Re: [Idr] AD Review of draft-ietf-idr-bgp-extended-messages-20

"Alvaro Retana (aretana)" <> Tue, 07 March 2017 22:08 UTC

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From: "Alvaro Retana (aretana)" <>
To: Randy Bush <>
Thread-Topic: AD Review of draft-ietf-idr-bgp-extended-messages-20
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Date: Tue, 07 Mar 2017 22:07:58 +0000
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Subject: Re: [Idr] AD Review of draft-ietf-idr-bgp-extended-messages-20
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On 3/5/17, 2:46 AM, "Randy Bush" <> wrote:



I have some in-line comments.  Thanks for the updated document.


> > M2.1.  Even with John’s explanation, I find myself thinking that this
> > specification could result in some sloppy implementations: if I need
> > to account for receiving unexpected Extended Messages in my code, then
> > maybe I won’t worry too much about controlling what to send to my
> > peers – specially in cases where it would be easy to just replicate an
> > UPDATE (like in a peer-group) and not worry about possible exceptions.
> > I know that we can’t avoid bad implementations, no matter what text is
> > added – but I think that recognizing the threat (maybe in the Security
> > Considerations section) of someone receiving an Extended Message when
> > they don’t support it would be good.  I know that there’s text in the
> > document already which talks about what to do if the receiver doesn’t
> > support Extended Messages – I’m just worried about potential issues
> > with memory allocation if the receiver was not ready…
> in the absense of an AD with the guts to let me tear that out, i'll put
> a note in sec cons. :)


Personally, I don’t like this path of accepting anything that you didn’t negotiate.  However, I have to assume that, by the time the Chairs request the publication of a document, there is already consensus in the WG – in this case, the Shepherd’s write-up says that there is “strong consensus” [1].  From your answers and the text below, I think you and I would both have been in the rough on this consensus call.


>    Section 5 allowed a receiver to accept an extended message even
>    though they had not advertised the capability.  This slippery slope
>    will surely lead to sloppy implementations sending extended messages
>    when the receiver is not prepared to deal with them, e.g. to peer
>    groups.  At best, this will result in erroes; at worst, buffer
>    overflows.

This text raises the obvious question of: why even do this if it may be so bad?

The text should reflect the WG consensus – not your personal opinion (or mine, for that matter).  Please reword to be more objective.

> 6.  Changes to RFC4271
>    [RFC4271] states "The value of the Length field MUST always be at
>    least > 19 and no greater than 4096."  This document changes the
>    latter number to 65535 for UPDATE messages.
>    [RFC4271] Sec 6.1, specifies raising an error if the length of a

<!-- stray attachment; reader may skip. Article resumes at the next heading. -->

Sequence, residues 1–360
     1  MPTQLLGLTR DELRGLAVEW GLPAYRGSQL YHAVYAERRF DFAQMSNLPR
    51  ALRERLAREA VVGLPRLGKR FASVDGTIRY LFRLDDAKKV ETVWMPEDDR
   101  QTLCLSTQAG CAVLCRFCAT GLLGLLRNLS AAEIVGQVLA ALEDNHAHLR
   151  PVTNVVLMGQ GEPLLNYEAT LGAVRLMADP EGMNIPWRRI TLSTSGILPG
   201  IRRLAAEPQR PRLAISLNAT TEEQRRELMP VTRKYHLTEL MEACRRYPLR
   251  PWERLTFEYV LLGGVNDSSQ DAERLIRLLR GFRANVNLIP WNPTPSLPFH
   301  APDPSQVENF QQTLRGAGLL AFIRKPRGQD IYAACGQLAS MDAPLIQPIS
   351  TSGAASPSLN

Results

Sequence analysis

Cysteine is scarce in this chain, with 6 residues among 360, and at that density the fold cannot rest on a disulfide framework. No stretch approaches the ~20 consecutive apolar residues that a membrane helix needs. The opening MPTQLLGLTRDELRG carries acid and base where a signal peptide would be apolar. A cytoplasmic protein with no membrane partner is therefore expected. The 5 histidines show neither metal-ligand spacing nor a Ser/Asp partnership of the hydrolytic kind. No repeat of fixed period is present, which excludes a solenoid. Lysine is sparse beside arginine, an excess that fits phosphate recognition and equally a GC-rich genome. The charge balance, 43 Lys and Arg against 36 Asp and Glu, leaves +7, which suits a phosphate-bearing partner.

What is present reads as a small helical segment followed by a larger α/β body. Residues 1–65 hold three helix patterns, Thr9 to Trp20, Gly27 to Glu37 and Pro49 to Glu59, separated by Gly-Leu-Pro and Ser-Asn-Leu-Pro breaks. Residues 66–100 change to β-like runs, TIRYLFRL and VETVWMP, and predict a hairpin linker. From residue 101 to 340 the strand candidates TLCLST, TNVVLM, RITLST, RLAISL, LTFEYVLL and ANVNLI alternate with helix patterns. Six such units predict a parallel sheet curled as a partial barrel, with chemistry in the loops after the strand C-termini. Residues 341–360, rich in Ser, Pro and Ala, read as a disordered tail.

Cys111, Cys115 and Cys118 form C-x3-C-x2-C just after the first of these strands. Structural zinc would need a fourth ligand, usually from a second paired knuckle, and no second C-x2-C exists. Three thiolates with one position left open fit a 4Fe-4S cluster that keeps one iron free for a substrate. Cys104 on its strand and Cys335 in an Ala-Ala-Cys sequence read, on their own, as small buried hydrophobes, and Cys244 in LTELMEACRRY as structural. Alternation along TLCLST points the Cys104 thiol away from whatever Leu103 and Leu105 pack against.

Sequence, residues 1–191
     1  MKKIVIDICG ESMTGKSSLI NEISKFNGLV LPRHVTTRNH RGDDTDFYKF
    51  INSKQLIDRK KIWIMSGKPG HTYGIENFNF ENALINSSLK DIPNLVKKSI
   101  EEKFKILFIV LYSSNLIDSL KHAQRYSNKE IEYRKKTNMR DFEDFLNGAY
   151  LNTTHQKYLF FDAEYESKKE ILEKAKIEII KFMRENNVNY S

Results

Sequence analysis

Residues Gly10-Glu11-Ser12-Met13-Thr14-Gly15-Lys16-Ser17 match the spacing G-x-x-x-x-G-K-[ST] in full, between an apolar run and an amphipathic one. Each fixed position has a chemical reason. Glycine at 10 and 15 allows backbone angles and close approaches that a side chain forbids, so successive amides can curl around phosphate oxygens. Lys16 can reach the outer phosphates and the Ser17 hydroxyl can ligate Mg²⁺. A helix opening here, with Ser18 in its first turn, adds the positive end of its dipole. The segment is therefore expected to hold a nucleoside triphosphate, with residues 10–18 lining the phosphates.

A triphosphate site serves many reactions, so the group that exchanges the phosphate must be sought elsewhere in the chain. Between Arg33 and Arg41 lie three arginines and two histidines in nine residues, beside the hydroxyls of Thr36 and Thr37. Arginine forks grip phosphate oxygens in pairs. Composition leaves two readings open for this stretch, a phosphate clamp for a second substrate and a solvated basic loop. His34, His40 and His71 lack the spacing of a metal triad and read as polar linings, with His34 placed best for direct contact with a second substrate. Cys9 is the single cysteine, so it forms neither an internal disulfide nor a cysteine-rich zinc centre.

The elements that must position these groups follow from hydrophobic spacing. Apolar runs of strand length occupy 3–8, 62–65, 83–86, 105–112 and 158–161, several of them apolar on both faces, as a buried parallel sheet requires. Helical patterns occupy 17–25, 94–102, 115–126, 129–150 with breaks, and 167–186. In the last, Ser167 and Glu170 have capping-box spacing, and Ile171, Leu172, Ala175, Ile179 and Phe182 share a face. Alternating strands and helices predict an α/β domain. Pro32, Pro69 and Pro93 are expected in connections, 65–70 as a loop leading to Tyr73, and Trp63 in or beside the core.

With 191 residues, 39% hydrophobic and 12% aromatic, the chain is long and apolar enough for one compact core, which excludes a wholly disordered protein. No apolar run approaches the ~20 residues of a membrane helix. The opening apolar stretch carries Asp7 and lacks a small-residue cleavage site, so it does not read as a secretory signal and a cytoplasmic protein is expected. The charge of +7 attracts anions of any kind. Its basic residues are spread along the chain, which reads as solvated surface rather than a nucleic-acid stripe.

>    message is over 4096 octets.  For UPDATE messages, iff the receiver
>    has advertised the capability to receive extended messages, this
>    document raises that limit to 65535.

This last paragraph is not completely true because of Section 4.

> > M7. What about transition/migration/partial deployment?  What should
> > the behavior be if, for example, an Extended Message UPDATE is
> > received from a peer, but can’t be propagated to others because they
> > don’t support Extended Messages
> if they do not support extended messages, then they can not be bgpsec
> speakers.  so the whole bgpsec path stripping applies and the message
> becomes short.
> > There should be some guidance for the general case (i.e. when the
> > total size is >4k due simply to the total amount of information, and
> > not because a single attribute, for example, is really big)
> how about "do not do this?"
> i believe you have entered a twisty maze in which all rooms do not have
> path(s) to the exit.
> 4.  Operation
>    A BGP announcement will, in the normal case, propagate throughout the
>    BGP speaking Internet; and there will undoubtedly be BGP speakers
>    which do not have the Extended Message capability.  Therefore putting
>    an attribute which can not be decomposed to 4096 octets or less in an
>    Extended Message is a sure path to routing failure.

If this text is in the document, then you’re basically saying that you shouldn’t deploy anything that could need more than 4k because it is a “sure path to routing failure”.  Again, please reflect WG consensus…

What I was really hoping for was something like what you wrote above about BGPSec: if a 4k-neighbor is encountered, then just revert to “normal operation”.  I’m not asking you to put that text in this document, mostly because there might not be “normal operation” for something new in the future (like there is for BGPSec).  So, what am I asking for?  Two things:

- guidance of what to do if the “normal operation” of adding attributes results in >4k.  Maybe “treat as withdraw” would be appropriate…

- some text saying that if a future extension knows it needs more than 4k (like BGPSec does), then it MUST include some text about what to do.  IOW, you can’t solve the future case now, let them solve it later.

BTW, it looks like you may have overlooked these other questions: “What should the default be for this extension?  Should it be enabled by default or not?”